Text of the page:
Washington: In an effort to narrow the Tax Gap – the estimated difference between the amount of tax that taxpayers owe and the amount that is paid timely and voluntarily – Congress enacted legislation to increase voluntary compliance of businesses through information reporting. The Department of the Treasury estimated that this new law would result in the additional collection of almost $10 billion over 10 years.
The legislation required information returns to be filed for reportable payment card transactions starting in Calendar Year 2012. This is also when the Internal Revenue Service (IRS) committed to a multiyear, multi-treatment stream compliance pilot initiative, which leveraged information from Form 1099-K, Payment Card and Third Party Network Transactions, to reduce the Tax Gap. This audit continues the Treasury Inspector General for Tax Administration (TIGTA) ongoing oversight of the IRS’s implementation of payment card reporting requirements.
The IRS recognizes the challenges associated with using Forms 1099-K to identify noncompliance with income reporting. To address these challenges, the IRS implemented pilot initiatives to identify payment card noncompliance. Payment cards include credit cards, debit cards, and store-valued cards. The IRS continues to use the results from the pilot initiatives to refine the criteria used to identify underreporting of payment card income.
However, TIGTA found that payers are not compliant with backup withholding requirements, which direct payers to withhold 28 percent of amounts reported on Forms 1099-K for payees who failed to provide a valid Taxpayer Identification Number (TIN). TIGTA’s review of Calendar Year 2013 Forms 1099-K identified 10,216 Forms 1099-K with a missing TIN. These Forms 1099-K reported gross transactions totaling more than $10.6 billion.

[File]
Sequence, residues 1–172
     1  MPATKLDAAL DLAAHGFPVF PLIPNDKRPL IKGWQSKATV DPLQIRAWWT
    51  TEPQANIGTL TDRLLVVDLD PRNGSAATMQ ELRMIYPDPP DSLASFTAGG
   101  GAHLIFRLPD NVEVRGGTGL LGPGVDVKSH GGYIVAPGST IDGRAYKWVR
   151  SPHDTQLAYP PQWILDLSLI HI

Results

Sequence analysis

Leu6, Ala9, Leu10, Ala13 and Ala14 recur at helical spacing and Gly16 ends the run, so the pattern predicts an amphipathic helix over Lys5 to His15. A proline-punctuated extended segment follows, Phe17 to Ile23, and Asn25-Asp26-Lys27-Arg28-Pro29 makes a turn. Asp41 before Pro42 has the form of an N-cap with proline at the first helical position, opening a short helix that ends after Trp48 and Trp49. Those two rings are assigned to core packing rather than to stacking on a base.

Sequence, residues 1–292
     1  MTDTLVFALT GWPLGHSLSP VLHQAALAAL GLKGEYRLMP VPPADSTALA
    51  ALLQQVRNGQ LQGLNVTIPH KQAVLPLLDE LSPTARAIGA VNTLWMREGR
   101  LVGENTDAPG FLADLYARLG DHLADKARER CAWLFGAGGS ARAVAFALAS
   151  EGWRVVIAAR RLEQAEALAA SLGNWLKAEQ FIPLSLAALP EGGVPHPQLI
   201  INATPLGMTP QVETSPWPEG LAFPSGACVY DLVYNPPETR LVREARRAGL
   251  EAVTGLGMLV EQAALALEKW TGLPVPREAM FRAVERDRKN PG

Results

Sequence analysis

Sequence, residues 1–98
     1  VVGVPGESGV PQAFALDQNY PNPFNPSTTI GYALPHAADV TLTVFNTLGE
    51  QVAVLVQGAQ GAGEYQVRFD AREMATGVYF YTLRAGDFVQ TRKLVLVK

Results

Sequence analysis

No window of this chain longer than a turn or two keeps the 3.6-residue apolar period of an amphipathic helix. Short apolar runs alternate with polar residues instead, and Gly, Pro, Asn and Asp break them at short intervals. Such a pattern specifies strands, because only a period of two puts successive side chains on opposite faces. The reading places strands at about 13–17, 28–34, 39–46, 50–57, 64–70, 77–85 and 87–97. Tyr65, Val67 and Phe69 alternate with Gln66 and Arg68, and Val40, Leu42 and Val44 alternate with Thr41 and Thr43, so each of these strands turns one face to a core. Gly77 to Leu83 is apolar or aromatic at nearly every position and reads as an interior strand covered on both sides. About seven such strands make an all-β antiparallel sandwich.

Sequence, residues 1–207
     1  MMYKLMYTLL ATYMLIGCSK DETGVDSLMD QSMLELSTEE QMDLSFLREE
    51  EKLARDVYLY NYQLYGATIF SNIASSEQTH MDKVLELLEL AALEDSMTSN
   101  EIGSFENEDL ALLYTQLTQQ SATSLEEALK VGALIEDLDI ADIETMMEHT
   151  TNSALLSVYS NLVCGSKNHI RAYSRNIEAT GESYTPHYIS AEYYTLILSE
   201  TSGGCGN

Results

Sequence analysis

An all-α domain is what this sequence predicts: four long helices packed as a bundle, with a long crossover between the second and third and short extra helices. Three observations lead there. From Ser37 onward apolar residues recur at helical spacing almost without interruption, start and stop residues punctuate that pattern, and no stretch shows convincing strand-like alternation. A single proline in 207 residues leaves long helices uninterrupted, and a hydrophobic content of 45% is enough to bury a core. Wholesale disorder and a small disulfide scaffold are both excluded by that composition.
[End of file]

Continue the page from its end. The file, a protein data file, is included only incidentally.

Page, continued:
“Payers were required to withhold almost $3 billion from these payees, but no backup withholding was taken,” said J. Russell George, Treasury Inspector General for Tax Administration. “This has a direct impact on the IRS’s ability to reduce the Tax Gap,” he added.
TIGTA also found that the IRS received 2,933 Forms 1099-K with gross transactions totaling $543.9 million for which the payee TIN was that of a deceased individual. TIGTA identified that the TIN Matching Program, used by payers to verify a payee TIN, does not alert the payer when a TIN of a deceased individual is used.
In addition, TIGTA identified 84,107 individuals and 443,528 businesses that did not file a tax return for transactions that payers reported on Forms 1099-K totaling more than $164.5 billion.
TIGTA recommended that the Commissioner, Small Business/Self-Employed Division, ensure that a business case analysis is performed when making decisions to grant transitional relief; assess penalties on certain payers who do not comply with reporting requirements; and use Form 1099-K information as part of the IRS’s nonfiler program.
The IRS agreed with six of the seven recommendations that TIGTA made, and plans appropriate corrective actions. The IRS did not agree to implement a computer programming change, because it might encounter budgetary constraints and limited resources, but TIGTA believes this change should be a priority.
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